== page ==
ary rule. “A confession obtained through custodial interro‐
gation after an illegal arrest must be excluded from evidence
unless the confession is attenuated enough from the illegal
arrest that the confession is ‘suﬃciently an act of free will to
purge the primary taint.’” United States v. Reed, 349 F.3d 457,
463 (7th Cir. 2003) (quoting Brown v. Illinois, 422 U.S. 590, 602
(1975)). So long as the confession is voluntary,3 our analysis
focuses on “whether the confession is obtained by exploita‐
tion of an illegal arrest.” Brown, 422 U.S. at 603. To determine
whether a confession is free from the taint of an unlawful
arrest, we consider “[t]he temporal proximity of the arrest
and the confession, the presence of intervening circumstanc‐
es, and, particularly, the purpose and ﬂagrancy of the oﬃcial
misconduct … .” Brown, 422 U.S. at 603–04 (internal citations
1. Temporal Proximity
Both sides agree that McDaniel confessed over twenty‐
four hours after being arrested. If we were to view temporal
proximity in isolation, we would hold that the confession
was temporally disconnected from the arrest. Twenty‐four
hours far exceeds the length of time that most courts have
held disconnects a confession from an illegal arrest. Reed, 349
F.3d at 463–64 (collecting cases).
The time gap is not dispositive here, however, because
McDaniel was in custody the entire twenty‐four hours, did
not talk to a lawyer, was questioned multiple times, and was
subjected to a corporal lineup. Taylor v. Alabama, 457 U.S. 687,
691 (1982). In such a situation, a lengthy period of time be‐
tween an arrest and confession does not serve to attenuate
the arrest; we could hardly say that an illegal arrest had no
eﬀect on a confession just because the suspect was kept in
interrogation for over twenty‐four hours. United States v.
Conrad, 673 F.3d 728, 738 (7th Cir. 2012) (noting that not only
3 We assume that the confession was not coerced because McDaniel does
not argue that he was coerced into confessing. See footnote 2.
is the “time elapsed” important but also “the quality of that
time”). Therefore, the ﬁrst factor favors suppression.
2. Intervening Circumstances
There are two intervening events that attenuate McDan‐
iel’s confession from his arrest. First, the interrogating oﬃc‐
ers read McDaniel his Miranda rights before they questioned
him. Although Miranda warnings do not per se remove the
scourge of an unlawful arrest, they “are an important factor,
to be sure, in determining whether the confession is obtained
by exploitation of an illegal arrest.” Brown, 422 U.S. at 603.
So even though the warnings are not dispositive, they are a
factor in our analysis and tend to support attenuation.
Second, the arresting oﬃcers had probable cause to arrest
McDaniel before they began interrogating him. See Utah v.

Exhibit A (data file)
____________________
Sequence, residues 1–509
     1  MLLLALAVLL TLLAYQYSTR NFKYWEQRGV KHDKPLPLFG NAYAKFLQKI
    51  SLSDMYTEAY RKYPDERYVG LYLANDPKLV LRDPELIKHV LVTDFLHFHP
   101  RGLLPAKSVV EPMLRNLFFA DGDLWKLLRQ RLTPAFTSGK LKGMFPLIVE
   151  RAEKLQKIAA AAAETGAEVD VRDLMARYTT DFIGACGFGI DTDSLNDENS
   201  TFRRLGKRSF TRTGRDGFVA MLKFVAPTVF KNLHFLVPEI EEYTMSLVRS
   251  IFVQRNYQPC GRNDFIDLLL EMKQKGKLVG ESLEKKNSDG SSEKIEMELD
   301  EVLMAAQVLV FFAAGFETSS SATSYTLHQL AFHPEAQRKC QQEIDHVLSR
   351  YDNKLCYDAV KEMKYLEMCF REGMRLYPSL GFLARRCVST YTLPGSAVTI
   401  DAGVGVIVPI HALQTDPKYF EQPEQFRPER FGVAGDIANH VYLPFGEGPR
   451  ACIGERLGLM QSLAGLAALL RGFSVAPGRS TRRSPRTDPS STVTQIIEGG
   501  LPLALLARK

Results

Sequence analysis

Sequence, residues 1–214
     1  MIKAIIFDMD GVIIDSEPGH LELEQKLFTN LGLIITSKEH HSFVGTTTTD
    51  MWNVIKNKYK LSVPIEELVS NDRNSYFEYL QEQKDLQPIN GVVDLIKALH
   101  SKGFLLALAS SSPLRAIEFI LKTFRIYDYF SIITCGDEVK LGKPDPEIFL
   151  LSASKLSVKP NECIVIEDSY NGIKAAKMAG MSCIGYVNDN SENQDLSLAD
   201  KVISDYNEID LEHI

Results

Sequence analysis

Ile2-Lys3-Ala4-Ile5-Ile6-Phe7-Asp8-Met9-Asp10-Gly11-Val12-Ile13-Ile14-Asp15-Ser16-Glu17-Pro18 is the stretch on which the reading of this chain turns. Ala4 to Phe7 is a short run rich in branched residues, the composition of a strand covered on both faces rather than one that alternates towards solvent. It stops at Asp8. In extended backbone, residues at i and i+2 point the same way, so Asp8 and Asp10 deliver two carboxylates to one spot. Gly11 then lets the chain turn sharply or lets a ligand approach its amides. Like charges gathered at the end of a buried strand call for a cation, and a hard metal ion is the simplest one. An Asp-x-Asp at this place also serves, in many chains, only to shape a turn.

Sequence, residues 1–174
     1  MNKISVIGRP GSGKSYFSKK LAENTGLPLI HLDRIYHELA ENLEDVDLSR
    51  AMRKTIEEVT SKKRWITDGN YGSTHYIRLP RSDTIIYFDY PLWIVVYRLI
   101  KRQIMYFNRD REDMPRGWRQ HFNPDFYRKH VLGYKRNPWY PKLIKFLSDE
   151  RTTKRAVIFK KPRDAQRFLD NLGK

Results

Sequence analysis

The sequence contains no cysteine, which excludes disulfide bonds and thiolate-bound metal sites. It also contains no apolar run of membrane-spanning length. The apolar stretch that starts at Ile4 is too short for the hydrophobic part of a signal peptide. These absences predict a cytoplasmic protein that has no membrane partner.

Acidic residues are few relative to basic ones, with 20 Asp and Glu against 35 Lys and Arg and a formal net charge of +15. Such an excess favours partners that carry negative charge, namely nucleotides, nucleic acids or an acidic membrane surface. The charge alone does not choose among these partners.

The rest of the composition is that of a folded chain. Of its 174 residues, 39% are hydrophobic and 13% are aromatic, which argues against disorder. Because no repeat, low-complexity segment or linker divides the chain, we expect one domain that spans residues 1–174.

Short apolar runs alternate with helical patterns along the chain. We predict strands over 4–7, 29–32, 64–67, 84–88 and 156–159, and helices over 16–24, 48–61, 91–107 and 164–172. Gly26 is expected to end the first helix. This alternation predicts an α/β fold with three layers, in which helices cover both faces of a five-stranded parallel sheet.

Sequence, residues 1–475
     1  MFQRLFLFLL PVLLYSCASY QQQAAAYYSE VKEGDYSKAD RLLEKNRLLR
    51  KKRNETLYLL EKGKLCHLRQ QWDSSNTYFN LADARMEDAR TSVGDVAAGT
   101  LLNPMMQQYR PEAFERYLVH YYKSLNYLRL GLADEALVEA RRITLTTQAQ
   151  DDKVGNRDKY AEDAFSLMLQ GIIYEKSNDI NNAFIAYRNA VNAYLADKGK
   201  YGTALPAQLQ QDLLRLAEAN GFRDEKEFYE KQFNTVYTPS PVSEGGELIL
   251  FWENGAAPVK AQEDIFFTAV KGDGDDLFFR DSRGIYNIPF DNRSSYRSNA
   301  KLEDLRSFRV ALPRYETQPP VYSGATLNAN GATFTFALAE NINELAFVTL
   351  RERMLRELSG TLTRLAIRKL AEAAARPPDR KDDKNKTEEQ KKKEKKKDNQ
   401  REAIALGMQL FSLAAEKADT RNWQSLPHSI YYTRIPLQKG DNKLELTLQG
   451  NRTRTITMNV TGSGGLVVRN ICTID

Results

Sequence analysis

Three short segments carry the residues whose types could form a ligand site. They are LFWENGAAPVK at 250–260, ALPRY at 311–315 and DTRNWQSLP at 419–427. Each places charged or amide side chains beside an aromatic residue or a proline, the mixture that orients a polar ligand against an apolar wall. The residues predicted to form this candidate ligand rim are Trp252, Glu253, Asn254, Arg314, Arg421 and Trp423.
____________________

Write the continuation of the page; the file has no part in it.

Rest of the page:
Strieﬀ, 136 S. Ct. 2056, 2062–63 (2016) (holding that an inde‐
pendent arrest warrant served as an intervening event be‐
tween an unlawful stop and search incident to arrest). At
some point between the time the oﬃcers left to question
McDaniel and the time they left his house for the police sta‐
tion, Oﬃcer Blackman identiﬁed McDaniel in a photo‐array
lineup. While the arresting oﬃcers were on their way back to
the station with McDaniel, they were informed of Oﬃcer
Blackman’s identiﬁcation.4 A single, credible eyewitness
4 Although we analyze potential intervening circumstances from the de‐
fendant’s perspective in this context, McDaniel does not deny that he
was made aware of Officer Blackman’s photo identification. See Reed, 349
F.3d at 463 (noting that the question is whether the confession is attenu‐
ated enough from the illegal arrest that the confession is sufficiently an
act of defendant’s free will to purge the primary taint) (quoting Brown, 422
U.S. at 602); see also United States v. Gregory, 79 F.3d 973, 980 (10th Cir.
1996) (“In applying the second factor in Brown, we look only from the
identiﬁcation can create probable cause. Hart v. Mannina, 798
F.3d 578, 587 (7th Cir. 2015).5 Had the oﬃcers not put
McDaniel in handcuﬀs brieﬂy and waited minutes to put
him in the police car, they would have had probable cause
for the arrest.
Importantly, Oﬃcer Blackman’s identiﬁcation was whol‐
ly independent of the arrest. In Taylor, the Supreme Court
held that an arrest warrant ﬁled after an illegal arrest but be‐
fore the confession was not an intervening circumstance. 457
U.S. at 692–93. In that case, the arrest warrant was based on a
ﬁngerprint match between the suspect and ﬁngerprints
defendant’s perspective in determining whether any intervening event
occurred which isolates the defendant from the coercive effects of the
original illegal stop so as to render his subsequent consent voluntary in
5 McDaniel argues throughout his brief that Officer Blackman’s photo‐
array identification was “tentative.” During the identification, Officer
Blackman said that McDaniel’s photo “look[ed] like” the man he saw
pulling the garbage can. Multiple officers testified that this was a tenta‐
tive identification. But that fact does not change our analysis. An officer
has probable cause based on an eyewitness who “it seems reasonable to
believe is telling the truth.” Gramenos v. Jewel Cos., Inc., 797 F.2d 432, 439
(7th Cir. 1986) (internal quotation marks omitted). Such an identification
can create probable cause even if the officers know of other evidence that
might lead a jury to conclude that the eyewitness had misidentified the
suspect. Tangwall v. Stuckey, 135 F.3d 510, 516 (7th Cir. 1998) (citing
Gramenos, 797 F.2d at 437). Officer Blackman’s identification was suffi‐
cient to create probable cause. There was no reason to doubt that Officer
Blackman was telling the truth, and it was reasonable to rely on Officer
Blackman’s statement that McDaniel “look[ed] like” the man pulling the
garbage. The weight to give the “tentative” identification would have
been for the jury to decide. United States v. Carter, 410 F.3d 942, 950 (7th
found at the crime scene. The ﬁngerprints used to match the